Restoring the Effectiveness of Clean Energy Tax Incentives through the Economic Recovery Bill
One can be forgiven for fearing the demise of our clean energy industry. Recent headlines spell out the rather dour mood in the clean energy sector: “Will Green Energy Wilt from Lack of Funds?” asks BusinessWeek while the NY Times predicts “Dark Days for Green Energy”. But a solution may be at hand if the House and Senate can both agree to include a House “grants” provision in the final stimulus bill. NRDC’s factsheet on this critical proposal can be found here. Read below for more detail
The main constraint to current development (aptly spelled out in the articles above, but also elaborated on in much wonkier detail in two excellent interviews here, and in this Hudson Clean Energy presentation) is that much of the funding for renewable energy has dried up, which is causing renewable energy development to plummet, and already leading to layoffs in the sector.
The reason for the sudden disappearance of capital investment is complicated, but a direct result of our recessionary economy. Essentially:
- Prior to our current economic crisis, federal tax credits were the key drivers of renewable energy development, by providing cost-reductions through either upfront investment credits or long-term production credits (depending upon the technology).
- In order to get projects built, renewable developers would monetize these tax credits by exchanging them for upfront funding from tax equity investors. In turn, they used this funding (and various debt/equity structures) to build their projects.
- Unfortunately, in the current economic climate, mounting business losses, especially among traditional tax equity investors such as financial institutions, have eliminated current tax liabilities. This, in turn, has greatly reduced the appetite for clean energy tax credits.
According to the Hudson Clean Energy presentation referenced above, from $5.4 billion in transaction volume in 2007 among 20 investors, the current tax equity universe now has only a few investors and has shrunk dramatically. Without the ability to monetize those tax credits, most renewable energy developments simply won’t get built.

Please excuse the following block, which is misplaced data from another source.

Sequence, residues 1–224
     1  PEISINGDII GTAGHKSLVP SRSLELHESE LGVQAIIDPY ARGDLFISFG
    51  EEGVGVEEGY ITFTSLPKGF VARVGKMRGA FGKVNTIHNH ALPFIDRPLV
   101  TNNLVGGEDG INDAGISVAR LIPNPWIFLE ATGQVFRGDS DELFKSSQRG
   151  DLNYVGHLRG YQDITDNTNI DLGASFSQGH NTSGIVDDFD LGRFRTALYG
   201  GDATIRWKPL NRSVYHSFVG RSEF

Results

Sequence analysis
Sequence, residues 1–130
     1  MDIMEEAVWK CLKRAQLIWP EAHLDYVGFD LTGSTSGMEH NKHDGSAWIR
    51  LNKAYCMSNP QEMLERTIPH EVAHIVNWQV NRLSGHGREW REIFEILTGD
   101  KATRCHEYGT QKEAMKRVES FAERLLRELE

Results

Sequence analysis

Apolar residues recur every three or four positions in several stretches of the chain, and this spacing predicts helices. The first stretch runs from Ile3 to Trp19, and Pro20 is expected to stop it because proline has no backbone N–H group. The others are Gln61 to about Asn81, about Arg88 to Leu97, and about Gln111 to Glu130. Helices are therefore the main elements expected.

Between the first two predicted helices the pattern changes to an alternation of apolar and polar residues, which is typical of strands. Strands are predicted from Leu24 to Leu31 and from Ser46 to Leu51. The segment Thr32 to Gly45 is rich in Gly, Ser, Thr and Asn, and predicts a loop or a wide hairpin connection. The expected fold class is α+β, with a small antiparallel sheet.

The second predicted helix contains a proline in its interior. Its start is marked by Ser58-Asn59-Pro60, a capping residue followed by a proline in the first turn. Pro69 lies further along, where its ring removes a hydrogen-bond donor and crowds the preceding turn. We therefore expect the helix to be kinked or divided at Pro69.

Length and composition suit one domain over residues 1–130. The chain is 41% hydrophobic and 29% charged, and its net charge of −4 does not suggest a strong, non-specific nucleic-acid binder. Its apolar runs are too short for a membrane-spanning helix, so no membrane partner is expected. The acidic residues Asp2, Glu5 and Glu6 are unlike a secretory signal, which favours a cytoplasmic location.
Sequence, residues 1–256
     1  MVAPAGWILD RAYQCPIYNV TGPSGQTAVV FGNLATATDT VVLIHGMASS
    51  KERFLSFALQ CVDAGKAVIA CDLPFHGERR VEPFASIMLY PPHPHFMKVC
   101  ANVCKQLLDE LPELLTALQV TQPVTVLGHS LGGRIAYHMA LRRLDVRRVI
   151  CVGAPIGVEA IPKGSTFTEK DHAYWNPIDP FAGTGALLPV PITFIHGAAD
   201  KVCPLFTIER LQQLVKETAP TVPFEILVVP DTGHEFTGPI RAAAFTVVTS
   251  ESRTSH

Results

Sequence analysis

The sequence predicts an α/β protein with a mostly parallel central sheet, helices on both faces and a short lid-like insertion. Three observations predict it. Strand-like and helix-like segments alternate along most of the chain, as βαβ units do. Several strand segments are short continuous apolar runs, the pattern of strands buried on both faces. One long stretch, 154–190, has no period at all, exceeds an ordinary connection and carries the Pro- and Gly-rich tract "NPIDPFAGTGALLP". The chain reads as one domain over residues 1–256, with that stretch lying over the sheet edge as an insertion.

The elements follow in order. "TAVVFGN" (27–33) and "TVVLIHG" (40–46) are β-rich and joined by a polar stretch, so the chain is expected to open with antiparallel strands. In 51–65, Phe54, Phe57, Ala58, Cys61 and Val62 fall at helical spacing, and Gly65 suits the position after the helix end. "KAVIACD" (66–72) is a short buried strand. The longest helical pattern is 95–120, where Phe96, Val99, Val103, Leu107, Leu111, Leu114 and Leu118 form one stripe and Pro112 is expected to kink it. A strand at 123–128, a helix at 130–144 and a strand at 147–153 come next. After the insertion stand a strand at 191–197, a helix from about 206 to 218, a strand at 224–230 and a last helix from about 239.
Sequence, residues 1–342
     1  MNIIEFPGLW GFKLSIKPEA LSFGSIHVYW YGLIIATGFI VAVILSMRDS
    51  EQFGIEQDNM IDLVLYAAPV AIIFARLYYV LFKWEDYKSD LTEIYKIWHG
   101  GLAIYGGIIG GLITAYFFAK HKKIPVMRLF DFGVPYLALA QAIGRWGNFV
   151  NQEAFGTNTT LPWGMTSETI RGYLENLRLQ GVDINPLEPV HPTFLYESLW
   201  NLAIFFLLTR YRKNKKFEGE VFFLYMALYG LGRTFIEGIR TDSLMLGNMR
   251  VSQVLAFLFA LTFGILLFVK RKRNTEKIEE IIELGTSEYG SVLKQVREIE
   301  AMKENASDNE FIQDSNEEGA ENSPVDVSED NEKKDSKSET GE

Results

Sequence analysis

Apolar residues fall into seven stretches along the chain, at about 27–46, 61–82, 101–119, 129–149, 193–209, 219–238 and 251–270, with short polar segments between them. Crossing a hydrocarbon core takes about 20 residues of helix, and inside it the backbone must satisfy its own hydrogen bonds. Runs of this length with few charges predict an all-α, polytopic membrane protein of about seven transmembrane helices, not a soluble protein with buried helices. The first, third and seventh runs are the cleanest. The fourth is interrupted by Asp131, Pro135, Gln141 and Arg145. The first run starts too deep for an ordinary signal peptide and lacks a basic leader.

The timing is unfortunate, to say the least. After decades of underachievement, renewable electricity was falling in cost and coming on-line in ever larger amounts. Last year, the wind industry installed over 8,000 megawatts, accounting for 42% of all new installed capacity last year, while adding 35,000 jobs. PV solar, while smaller in aggregate than wind, had increased installed capacity at an over 50% annual growth rate for several years running. Meanwhile, geothermal energy has around 4,000 MW and CSP up to 6,000 MW in various stages of development.
To try to overcome these new capital constraints, the renewable industry had until recently been pushing Congress to make these energy tax credits refundable in the short-term, which would avoid the need for tax equity investors entirely. Concerns over precedent, and inappropriate use of the tax code scuttled that proposal, but a solid and rather ingenious compromise had seemed close at hand. In its version of the stimulus bill, the House had proposed a renewable energy grants program which would provide grants to renewable energy projects put in service in 2009 or 2010, in place of the authorized tax credits.
However, the Senate stimulus bill does not contain this renewable energy grants program, but instead relies on other proposals already in the House bill, such as extending the production tax credit, investment tax credit electability and an increase in funding for CREBs (subsidized renewable energy bonds). While each of the latter proposals is good policy, none will provide the necessary kickstart in funding that the renewable energy industry so desperately needs.
This leaves the renewable energy industry is a difficult position, as the fate of this grants program depends entirely upon what comes out of the final stimulus bill (currently being negotiated by the House and Senate).
I’ve co-authored a fact sheet that lays out in much greater detail our argument for the grants program. In short – grants could expand the potential investor pool, and provide immediate results by freeing up capital for many shovel-ready projects currently on the sidelines. Moreover, the cost of the grant program is actually minimal because the cost of the tax credits has already been incorporated into the federal budget.
Given the recent success of the renewable energy industries, after decades of struggle and investment, it would be a grossly inefficient waste to allow this industry to succumb to current economic pressures. The House grant program builds on our existing tax-based financing mechanisms, and will go far in maintaining the health and future growth prospects of our clean energy economy.